Week 02 1. Research process; 2. Secondary research Seminar (3 hr)  
Week 03 1. Qual res: focus groups; 2. Observational res. Seminar (3 hr)  
Week 04 Survey research Seminar (3 hr)  
Week 05 Measurement Seminar (3 hr)  
Week 06 1. Online data collection; 2. Sampling Seminar (3 hr)  
Week 07 Revision Seminar (3 hr)  
Week 08 Experimentation Seminar (3 hr)  
Week 09 Text Analysis Seminar (3 hr)  
Week 10 1. Data coding and preparation; 2. Data analysis: descriptive analysis Seminar (3 hr)  
Week 11 Data analysis: testing for difference (t-tests) Seminar (3 hr)  
Week 12 Data analysis: testing for association (correlation and regression analysis) Seminar (3 hr)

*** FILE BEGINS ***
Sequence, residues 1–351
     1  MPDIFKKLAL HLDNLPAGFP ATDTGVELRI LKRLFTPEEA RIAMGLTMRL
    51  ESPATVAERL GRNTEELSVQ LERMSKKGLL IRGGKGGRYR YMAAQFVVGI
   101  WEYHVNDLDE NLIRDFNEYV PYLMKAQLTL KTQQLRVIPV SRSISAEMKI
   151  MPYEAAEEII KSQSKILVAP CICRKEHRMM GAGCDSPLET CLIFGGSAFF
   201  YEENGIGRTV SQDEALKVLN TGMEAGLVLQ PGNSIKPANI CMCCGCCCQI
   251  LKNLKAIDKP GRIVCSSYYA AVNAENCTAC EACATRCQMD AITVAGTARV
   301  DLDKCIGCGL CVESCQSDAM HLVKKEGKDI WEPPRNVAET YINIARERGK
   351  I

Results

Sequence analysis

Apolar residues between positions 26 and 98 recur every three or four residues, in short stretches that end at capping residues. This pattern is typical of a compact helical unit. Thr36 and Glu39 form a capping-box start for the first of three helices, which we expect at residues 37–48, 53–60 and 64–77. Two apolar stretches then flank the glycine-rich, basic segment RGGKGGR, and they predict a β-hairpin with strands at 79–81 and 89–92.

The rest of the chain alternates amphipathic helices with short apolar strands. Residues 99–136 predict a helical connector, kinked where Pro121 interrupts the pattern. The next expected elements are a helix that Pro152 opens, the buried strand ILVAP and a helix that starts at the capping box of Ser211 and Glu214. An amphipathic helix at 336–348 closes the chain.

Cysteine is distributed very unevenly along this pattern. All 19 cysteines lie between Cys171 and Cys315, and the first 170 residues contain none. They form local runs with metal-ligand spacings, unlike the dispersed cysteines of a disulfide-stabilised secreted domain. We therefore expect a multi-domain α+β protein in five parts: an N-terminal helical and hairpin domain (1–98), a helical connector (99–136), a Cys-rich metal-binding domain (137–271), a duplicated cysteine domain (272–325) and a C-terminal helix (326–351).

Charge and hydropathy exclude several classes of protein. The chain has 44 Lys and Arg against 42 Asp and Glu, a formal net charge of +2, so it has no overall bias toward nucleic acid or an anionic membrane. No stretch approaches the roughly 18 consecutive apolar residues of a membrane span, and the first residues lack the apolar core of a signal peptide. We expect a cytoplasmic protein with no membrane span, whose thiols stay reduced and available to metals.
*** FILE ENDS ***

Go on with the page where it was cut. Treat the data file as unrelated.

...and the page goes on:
Week 13 Revision Seminar (3 hr)  

Attendance and class requirements

Lecture recordings: All lectures and seminars are recorded and will be available on Canvas for student use. Please note the business school does not own the system and cannot guarantee that the system will operate or that every class will be recorded. Students should ensure they attend and participate in all classes.

Study commitment

Typically, there is a minimum expectation of 1.5-2 hours of student effort per week per credit point for units of study offered over a full semester. For a 6 credit point unit, this equates to roughly 120-150 hours of student effort in total.

Required readings

All readings for this unit can be accessed on the Library eReserve link available on Canvas.

  • McDaniel C and Gates R 'Marketing Research - 11th edition', Sydney, Wiley and Sons (ISBN 978-1-119-392021-9).